China: Balancing the risks of its rebalancing

23 February 2017 | Markets and Economy


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Qian Wang

Commentary by Qian Wang, Vanguard Chief Economist, Asia-Pacific.

I spent the Chinese New Year holiday in my hometown, the capital city of a province in southwest China. In many ways, the area is a microcosm of China.

The province is among China's poorest, yet also one of its fastest growing. Consumption in the urban area is strong and the provincial government has been pushing hard for a new growth strategy. The economy used to rely heavily on mining and manufacturing. Now, many of my cousins and friends work in big data, or at bio-environmental protection and pharmaceutical companies. Some have even started their own businesses.

Still, inequality between the urban and rural areas is significant and the burden from the past remains. Many state-owned enterprises in heavy manufacturing sectors are losing money, yet continue to survive thanks to support from state-owned banks.

My hometown has also seen a proliferation of massive construction projects. Most of the local people I meet own more than one apartment. Some are rented out for a pittance, while others are left vacant. While the rise in property prices make them rich on the paper, many locals are concerned about the "ghost towns" that have sprung up around them. They wonder what other assets they can invest in, including in other countries.

Like China as a whole, my home town has its shoots of green growth as it rebalances from an investment-driven economy to one based on consumption, service and innovation. But we're also left with an after-party hangover. While the government's "visible hand" continues to play a critical role, the old growth model has left us with significant over-capacity and surging financial leverage. Although economic growth stabilised in 2016 because of aggressive credit extensions and fiscal stimulus, these measures are not a cure for the secular and structural problems China is facing.

Indeed, despite the property market boom last year, housing inventory stayed elevated in third-tier cities like my hometown, which account for more than two-thirds of China's real estate investment. While this may not signal an immediate crisis, given the moderate leverage ratio in the household sector overall and continued urbanisation and migration, it would surely weigh on investment and economic growth down the road.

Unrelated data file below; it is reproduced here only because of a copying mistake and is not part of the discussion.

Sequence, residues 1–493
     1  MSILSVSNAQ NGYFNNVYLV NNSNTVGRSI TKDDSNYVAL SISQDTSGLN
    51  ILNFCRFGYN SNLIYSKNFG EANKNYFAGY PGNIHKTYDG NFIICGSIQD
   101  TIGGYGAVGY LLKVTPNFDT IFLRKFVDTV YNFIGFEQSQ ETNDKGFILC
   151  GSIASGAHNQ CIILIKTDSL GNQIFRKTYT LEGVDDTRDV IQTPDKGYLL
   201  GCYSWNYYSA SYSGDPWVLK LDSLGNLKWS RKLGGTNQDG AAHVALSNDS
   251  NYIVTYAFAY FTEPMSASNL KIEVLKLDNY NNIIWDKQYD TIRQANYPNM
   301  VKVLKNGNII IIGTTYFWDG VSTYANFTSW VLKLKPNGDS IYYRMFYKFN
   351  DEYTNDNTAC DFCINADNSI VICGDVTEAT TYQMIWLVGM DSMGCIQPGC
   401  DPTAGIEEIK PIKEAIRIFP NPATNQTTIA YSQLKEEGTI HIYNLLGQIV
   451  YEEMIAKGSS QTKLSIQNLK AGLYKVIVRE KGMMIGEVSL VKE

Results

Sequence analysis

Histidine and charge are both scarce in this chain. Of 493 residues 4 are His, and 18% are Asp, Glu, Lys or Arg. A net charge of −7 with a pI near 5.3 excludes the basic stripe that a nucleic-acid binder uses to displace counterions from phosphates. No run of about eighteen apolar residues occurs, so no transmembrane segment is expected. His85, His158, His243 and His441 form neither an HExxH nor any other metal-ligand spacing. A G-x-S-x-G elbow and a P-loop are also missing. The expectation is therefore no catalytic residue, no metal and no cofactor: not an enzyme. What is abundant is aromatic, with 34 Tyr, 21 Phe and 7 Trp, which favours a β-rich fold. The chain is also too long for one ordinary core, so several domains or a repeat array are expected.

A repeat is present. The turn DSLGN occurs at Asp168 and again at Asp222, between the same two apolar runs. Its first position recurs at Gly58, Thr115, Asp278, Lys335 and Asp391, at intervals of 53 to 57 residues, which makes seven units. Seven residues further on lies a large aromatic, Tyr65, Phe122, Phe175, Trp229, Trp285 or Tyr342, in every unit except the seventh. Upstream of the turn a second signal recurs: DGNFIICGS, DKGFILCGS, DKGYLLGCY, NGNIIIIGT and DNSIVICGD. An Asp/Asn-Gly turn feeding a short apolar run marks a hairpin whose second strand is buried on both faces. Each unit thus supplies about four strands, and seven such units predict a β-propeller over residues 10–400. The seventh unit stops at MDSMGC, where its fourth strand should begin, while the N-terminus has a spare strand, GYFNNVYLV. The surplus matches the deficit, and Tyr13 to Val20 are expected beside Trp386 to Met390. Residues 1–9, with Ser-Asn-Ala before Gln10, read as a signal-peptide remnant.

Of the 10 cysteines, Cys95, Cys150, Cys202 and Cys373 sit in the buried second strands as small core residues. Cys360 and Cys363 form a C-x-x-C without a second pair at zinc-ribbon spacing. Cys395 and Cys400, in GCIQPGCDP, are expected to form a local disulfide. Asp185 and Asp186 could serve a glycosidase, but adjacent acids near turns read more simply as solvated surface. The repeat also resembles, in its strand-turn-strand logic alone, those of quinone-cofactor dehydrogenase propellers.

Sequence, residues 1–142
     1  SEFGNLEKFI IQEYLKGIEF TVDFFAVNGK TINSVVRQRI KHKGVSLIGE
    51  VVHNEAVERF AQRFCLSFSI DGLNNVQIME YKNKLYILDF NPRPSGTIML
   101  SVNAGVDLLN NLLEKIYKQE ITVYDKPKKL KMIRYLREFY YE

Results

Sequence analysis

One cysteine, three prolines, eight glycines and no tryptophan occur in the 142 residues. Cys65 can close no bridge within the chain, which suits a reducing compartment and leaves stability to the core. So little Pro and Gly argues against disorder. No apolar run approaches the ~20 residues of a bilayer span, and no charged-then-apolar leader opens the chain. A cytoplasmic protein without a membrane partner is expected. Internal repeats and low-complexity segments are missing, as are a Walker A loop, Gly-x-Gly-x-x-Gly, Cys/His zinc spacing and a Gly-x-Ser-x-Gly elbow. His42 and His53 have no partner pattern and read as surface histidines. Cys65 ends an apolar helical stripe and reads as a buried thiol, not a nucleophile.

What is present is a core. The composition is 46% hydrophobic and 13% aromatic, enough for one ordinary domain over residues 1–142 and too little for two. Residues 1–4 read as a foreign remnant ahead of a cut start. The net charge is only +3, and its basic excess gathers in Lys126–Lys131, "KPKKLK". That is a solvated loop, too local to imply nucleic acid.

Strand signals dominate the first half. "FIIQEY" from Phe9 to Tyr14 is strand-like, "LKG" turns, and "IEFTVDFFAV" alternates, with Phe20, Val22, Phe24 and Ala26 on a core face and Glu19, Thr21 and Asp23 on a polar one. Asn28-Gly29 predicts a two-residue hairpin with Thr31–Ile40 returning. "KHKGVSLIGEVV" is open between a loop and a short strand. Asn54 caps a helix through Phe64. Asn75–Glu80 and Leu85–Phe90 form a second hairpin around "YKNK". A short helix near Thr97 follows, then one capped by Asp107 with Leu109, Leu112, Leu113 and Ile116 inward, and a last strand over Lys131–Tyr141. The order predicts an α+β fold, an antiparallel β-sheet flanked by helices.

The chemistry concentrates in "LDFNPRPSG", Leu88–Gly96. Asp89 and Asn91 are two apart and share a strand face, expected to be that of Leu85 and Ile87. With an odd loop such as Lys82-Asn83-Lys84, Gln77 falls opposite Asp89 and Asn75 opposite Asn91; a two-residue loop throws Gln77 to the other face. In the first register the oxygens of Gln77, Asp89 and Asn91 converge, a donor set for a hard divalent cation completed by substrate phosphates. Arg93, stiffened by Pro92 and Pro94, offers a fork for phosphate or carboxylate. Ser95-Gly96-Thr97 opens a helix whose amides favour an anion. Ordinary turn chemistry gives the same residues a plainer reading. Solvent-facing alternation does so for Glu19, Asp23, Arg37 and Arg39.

China's housing sector overcapacity will take years to unwind

Real estate inventory to sales ratio (in months):

Real estate inventory to sales ratio graphic

Sources: NDRC, PBoC, NBS, CREIS, Soufun, Wind and Vanguard, data as at 30 November 2016.

The risks ahead

China's policymakers have a wide range of monetary, fiscal and macro-prudential tools available to cushion a potential economic slowdown, so a hard landing in 2017 seems unlikely.

But the task isn't easy. Policymakers have to juggle multiple goals, including maintaining near-term growth and social stability and pushing forward supply-side reforms, while keeping financial risk at bay. External headwinds are also strong. The global economy is improving, but uncertainties around the United States-China relationship and increasing capital outflow amid higher US interest rates make their jobs more challenging.

Meanwhile, Chinese households and corporations still have strong incentive to diversify into foreign-currency assets in the medium term. Policymakers have responded with tighter controls on capital outflows, but this is not a permanent solution. In fact, if money gets trapped in China and the return on capital in the real economy is low, the leverage and bubble in the capital markets will only get higher and bigger.

China's delicate rebalancing act will continue in the new year. But the greatest risk lies beyond 2017.

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